During the early 1900s, an ideological war erupted and the word “democracy” became one of the casualties. Today the average American uses the term “democracy” to describe America’s traditional constitutional republic, but technically speaking, it is not. The founders had hoped that their descendants would maintain a clear distinction between a democracy and a republic.
What was this new movement attempting to accomplish? At a later time, it was explained that the Intercollegiate Socialist Society (ISS) was set up to throw light on the worldwide movement of industrial “democracy” known as socialism.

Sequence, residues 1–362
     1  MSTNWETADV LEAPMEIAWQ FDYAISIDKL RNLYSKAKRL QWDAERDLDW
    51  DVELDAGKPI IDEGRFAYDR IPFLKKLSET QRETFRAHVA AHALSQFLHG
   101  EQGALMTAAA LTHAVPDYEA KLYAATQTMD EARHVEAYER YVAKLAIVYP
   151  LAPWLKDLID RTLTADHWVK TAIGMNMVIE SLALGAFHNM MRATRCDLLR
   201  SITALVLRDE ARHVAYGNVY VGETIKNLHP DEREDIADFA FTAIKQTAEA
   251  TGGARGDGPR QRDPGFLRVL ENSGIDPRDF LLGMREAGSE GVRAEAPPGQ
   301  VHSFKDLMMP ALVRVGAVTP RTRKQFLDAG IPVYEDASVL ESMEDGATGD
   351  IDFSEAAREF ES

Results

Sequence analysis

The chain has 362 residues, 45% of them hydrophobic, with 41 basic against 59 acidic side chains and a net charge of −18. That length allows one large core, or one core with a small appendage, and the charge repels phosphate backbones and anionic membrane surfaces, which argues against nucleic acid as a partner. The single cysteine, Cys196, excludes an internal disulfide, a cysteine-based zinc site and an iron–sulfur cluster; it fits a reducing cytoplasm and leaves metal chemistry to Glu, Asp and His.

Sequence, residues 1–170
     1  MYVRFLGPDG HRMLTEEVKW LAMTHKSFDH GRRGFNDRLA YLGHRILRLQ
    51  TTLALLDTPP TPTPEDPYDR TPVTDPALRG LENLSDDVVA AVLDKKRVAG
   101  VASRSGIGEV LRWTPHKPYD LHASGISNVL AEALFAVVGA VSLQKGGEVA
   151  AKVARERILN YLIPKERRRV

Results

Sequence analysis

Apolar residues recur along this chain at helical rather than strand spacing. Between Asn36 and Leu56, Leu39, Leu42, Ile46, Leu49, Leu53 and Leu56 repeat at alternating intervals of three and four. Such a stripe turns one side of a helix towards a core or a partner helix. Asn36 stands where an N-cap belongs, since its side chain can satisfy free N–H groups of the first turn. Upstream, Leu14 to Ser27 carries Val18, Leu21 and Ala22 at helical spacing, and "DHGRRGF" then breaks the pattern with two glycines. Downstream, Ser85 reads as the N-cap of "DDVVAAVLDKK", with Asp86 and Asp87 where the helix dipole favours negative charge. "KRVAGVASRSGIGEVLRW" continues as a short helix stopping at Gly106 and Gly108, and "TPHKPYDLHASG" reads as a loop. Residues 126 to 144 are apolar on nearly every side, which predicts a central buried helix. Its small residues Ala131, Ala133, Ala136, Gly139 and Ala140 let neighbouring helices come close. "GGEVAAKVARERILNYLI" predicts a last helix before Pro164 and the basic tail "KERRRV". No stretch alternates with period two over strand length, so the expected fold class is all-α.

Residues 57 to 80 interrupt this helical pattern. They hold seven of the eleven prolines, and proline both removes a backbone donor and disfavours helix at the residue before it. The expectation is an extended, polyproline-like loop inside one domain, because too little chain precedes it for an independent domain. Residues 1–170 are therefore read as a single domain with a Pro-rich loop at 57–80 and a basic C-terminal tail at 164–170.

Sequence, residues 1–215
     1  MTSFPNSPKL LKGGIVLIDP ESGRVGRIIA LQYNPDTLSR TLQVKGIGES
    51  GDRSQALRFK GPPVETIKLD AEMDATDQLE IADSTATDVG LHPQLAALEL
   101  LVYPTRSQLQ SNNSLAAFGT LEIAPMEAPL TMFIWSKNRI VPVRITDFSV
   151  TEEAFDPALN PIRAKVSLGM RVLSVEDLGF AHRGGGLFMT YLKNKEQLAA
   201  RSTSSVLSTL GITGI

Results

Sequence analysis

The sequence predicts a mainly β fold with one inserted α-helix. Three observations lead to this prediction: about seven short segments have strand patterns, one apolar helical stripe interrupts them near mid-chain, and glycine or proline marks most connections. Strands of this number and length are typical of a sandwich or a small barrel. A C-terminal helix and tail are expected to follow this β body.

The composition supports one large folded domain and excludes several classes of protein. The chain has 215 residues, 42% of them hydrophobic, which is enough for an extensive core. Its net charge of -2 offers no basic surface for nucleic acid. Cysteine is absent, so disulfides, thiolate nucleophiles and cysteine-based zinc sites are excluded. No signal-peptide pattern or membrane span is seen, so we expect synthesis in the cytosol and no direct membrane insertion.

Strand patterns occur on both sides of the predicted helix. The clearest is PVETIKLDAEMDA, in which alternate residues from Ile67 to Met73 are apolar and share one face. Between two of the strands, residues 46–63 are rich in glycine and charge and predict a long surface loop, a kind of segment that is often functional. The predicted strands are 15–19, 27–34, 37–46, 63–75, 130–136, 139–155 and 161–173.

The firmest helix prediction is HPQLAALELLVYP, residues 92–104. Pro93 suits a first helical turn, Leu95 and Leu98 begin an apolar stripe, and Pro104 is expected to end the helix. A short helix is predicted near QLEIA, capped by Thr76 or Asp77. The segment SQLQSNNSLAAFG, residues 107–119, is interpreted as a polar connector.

Socialism is defined as government ownership or control of all the means of production – farms, factories, mines and natural resources – and all of the means of distribution – transporation, communications, and the instruments of commerce.
Obviously, this is not “democracy” in the classic sense, and it is very much the opposite of a free-market economy in a republic.
Please bear in mind that you can defend your freedom by the way you vote, and if you don’t, you could very likely lose your freedom.